Virginia Aquarium is an AZA-accredited institution that takes pride in the care of its animal collections and works to educate the public and further scientific understanding about wild populations. Visit http://www.virginiaaquarium.com.

The Guy Harvey Research Institute (GHRI) is a scientific research and graduate education organization based at the Oceanographic Center of Nova Southeastern University, Florida, USA. The GHRI conducts marine fish biology and ecosystem function on a global scale to provide the knowledge required for more effective management, conservation and policy practices. For more information, please visit http://www.nova.edu/ocean/ghri.

For additional information contact Kathryn Cervino at 347.439.1816

Kathryn Cervino | Newswise Science News
Further information:
http://www.stonybrook.edu
http://www.oceanconservationscience.org
http://www.virginiaaquarium.com

More articles from Studies and Analyses:

nachricht New study: How does Europe become a leading player for software and IT services?
03.04.2017 | Fraunhofer-Institut für System- und Innovationsforschung (ISI)

nachricht Reusable carbon nanotubes could be the water filter of the future, says RIT study
30.03.2017 | Rochester Institute of Technology

All articles from Studies and Analyses >>>

The most recent press releases about innovation >>>

Die letzten 5 Focus-News des innovations-reports im Überblick:

Im Focus: Making lightweight construction suitable for series production

More and more automobile companies are focusing on body parts made of carbon fiber reinforced plastics (CFRP). However, manufacturing and repair costs must be further reduced in order to make CFRP more economical in use. Together with the Volkswagen AG and five other partners in the project HolQueSt 3D, the Laser Zentrum Hannover e.V. (LZH) has developed laser processes for the automatic trimming, drilling and repair of three-dimensional components.

Automated manufacturing processes are the basis for ultimately establishing the series production of CFRP components. In the project HolQueSt 3D, the LZH has...

Im Focus: Wonder material? Novel nanotube structure strengthens thin films for flexible electronics

Reflecting the structure of composites found in nature and the ancient world, researchers at the University of Illinois at Urbana-Champaign have synthesized thin carbon nanotube (CNT) textiles that exhibit both high electrical conductivity and a level of toughness that is about fifty times higher than copper films, currently used in electronics.

"The structural robustness of thin metal films has significant importance for the reliable operation of smart skin and flexible electronics including...

Im Focus: Deep inside Galaxy M87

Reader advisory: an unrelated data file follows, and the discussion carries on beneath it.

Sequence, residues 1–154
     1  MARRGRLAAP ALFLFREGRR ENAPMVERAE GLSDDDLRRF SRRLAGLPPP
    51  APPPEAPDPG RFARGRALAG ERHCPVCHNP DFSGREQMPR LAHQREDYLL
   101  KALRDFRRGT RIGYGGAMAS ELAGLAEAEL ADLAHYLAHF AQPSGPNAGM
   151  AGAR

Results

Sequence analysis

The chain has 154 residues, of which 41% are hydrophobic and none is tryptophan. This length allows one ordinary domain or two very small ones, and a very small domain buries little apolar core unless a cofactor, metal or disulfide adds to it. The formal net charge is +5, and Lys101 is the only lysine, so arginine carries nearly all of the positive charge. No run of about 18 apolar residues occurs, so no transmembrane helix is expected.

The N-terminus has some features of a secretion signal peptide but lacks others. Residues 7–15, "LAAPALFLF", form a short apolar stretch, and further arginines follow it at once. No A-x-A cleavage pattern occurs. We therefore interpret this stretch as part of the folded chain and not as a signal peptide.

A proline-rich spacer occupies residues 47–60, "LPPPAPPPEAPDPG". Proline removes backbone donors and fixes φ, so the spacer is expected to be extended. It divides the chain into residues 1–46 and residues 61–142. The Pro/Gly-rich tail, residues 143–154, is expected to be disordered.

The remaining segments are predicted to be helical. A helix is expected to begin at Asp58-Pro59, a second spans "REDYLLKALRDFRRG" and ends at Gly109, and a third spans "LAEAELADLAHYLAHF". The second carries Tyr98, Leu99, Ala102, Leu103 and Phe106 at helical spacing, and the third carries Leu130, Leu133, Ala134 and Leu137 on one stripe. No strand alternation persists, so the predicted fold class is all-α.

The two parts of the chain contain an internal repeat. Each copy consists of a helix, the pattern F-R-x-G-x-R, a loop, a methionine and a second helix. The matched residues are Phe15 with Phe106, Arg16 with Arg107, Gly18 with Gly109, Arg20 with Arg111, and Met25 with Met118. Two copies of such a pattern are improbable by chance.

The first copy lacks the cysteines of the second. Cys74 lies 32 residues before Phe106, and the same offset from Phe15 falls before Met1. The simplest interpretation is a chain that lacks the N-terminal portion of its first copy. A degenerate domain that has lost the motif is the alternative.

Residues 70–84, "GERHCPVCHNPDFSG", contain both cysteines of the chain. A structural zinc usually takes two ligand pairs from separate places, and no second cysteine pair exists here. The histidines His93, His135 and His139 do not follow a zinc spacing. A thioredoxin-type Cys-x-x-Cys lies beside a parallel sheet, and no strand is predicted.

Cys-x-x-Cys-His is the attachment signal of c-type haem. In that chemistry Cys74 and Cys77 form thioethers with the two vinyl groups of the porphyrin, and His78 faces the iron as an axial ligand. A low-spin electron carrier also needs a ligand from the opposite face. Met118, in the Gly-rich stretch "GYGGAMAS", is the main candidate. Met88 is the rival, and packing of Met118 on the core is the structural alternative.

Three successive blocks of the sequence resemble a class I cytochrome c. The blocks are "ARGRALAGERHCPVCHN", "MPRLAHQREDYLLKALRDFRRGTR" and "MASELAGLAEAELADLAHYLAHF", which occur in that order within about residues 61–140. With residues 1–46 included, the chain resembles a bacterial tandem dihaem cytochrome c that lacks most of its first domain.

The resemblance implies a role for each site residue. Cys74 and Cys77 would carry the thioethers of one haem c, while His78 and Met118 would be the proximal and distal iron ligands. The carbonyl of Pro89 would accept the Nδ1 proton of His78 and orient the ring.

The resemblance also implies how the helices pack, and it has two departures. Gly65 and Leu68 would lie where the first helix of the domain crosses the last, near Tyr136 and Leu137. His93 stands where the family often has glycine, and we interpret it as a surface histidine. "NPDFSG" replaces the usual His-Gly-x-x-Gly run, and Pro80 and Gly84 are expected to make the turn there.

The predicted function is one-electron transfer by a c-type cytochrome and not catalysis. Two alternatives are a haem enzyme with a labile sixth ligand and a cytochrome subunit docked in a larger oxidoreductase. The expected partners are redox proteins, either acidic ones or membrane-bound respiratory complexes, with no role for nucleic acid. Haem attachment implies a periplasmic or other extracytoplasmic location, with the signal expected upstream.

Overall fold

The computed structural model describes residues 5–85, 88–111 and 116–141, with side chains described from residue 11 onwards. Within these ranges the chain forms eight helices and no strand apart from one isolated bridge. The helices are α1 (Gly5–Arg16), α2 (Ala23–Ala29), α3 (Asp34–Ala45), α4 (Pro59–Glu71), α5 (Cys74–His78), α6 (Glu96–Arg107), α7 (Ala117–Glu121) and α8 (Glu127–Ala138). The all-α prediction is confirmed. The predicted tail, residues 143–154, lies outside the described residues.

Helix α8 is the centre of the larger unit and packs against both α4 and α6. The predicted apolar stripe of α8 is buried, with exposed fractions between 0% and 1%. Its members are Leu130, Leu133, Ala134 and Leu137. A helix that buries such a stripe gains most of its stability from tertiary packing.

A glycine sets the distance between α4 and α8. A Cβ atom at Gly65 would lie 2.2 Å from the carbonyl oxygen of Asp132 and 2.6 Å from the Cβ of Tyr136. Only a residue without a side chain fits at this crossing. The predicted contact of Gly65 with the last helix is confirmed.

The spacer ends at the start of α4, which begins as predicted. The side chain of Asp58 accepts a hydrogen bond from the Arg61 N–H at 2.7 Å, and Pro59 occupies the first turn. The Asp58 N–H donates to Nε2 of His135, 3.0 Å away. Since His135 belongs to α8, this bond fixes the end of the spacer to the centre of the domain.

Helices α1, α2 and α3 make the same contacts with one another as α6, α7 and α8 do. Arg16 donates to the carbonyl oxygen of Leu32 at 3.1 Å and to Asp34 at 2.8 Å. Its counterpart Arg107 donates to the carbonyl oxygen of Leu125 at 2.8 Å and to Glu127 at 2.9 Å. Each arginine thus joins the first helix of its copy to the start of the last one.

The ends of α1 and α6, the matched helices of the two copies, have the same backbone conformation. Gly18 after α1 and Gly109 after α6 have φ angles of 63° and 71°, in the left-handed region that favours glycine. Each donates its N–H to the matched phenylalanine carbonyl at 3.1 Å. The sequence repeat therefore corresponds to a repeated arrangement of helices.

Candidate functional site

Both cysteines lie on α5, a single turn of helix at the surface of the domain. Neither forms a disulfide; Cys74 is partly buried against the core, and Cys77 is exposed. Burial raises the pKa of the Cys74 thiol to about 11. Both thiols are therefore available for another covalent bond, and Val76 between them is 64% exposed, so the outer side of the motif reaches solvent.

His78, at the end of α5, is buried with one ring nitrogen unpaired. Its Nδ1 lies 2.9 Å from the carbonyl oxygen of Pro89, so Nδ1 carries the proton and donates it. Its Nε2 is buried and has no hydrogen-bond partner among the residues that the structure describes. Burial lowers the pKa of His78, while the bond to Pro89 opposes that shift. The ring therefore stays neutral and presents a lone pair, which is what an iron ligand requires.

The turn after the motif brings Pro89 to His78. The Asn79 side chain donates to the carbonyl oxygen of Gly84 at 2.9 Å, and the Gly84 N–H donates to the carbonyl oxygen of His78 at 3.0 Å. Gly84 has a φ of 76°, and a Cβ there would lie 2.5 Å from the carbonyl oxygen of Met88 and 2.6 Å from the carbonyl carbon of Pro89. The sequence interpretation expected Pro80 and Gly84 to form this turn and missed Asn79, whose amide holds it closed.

The nearby, giant radio galaxy M87 hosts a supermassive black hole (BH) and is well-known for its bright jet dominating the spectrum over ten orders of magnitude in frequency. Due to its proximity, jet prominence, and the large black hole mass, M87 is the best laboratory for investigating the formation, acceleration, and collimation of relativistic jets. A research team led by Silke Britzen from the Max Planck Institute for Radio Astronomy in Bonn, Germany, has found strong indication for turbulent processes connecting the accretion disk and the jet of that galaxy providing insights into the longstanding problem of the origin of astrophysical jets.

Supermassive black holes form some of the most enigmatic phenomena in astrophysics. Their enormous energy output is supposed to be generated by the...

Im Focus: A Quantum Low Pass for Photons

Physicists in Garching observe novel quantum effect that limits the number of emitted photons.

The probability to find a certain number of photons inside a laser pulse usually corresponds to a classical distribution of independent events, the so-called...

Im Focus: Microprocessors based on a layer of just three atoms

Microprocessors based on atomically thin materials hold the promise of the evolution of traditional processors as well as new applications in the field of flexible electronics. Now, a TU Wien research team led by Thomas Müller has made a breakthrough in this field as part of an ongoing research project.

Two-dimensional materials, or 2D materials for short, are extremely versatile, although – or often more precisely because – they are made up of just one or a...

All Focus news of the innovation-report >>>

Anzeige

Anzeige

Event News

Expert meeting “Health Business Connect” will connect international medical technology companies

20.04.2017 | Event News

Wenn der Computer das Gehirn austrickst

18.04.2017 | Event News

7th International Conference on Crystalline Silicon Photovoltaics in Freiburg on April 3-5, 2017

03.04.2017 | Event News

 
Latest News

DGIST develops 20 times faster biosensor

24.04.2017 | Physics and Astronomy

Nanoimprinted hyperlens array: Paving the way for practical super-resolution imaging

24.04.2017 | Materials Sciences

Atomic-level motion may drive bacteria's ability to evade immune system defenses

24.04.2017 | Life Sciences

VideoLinks
B2B-VideoLinks
More VideoLinks >>>